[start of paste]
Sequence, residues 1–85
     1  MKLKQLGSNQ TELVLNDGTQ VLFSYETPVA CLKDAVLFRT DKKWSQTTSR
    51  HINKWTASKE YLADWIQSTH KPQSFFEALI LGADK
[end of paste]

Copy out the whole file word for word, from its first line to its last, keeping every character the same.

Sequence, residues 1–85
     1  MKLKQLGSNQ TELVLNDGTQ VLFSYETPVA CLKDAVLFRT DKKWSQTTSR
    51  HINKWTASKE YLADWIQSTH KPQSFFEALI LGADK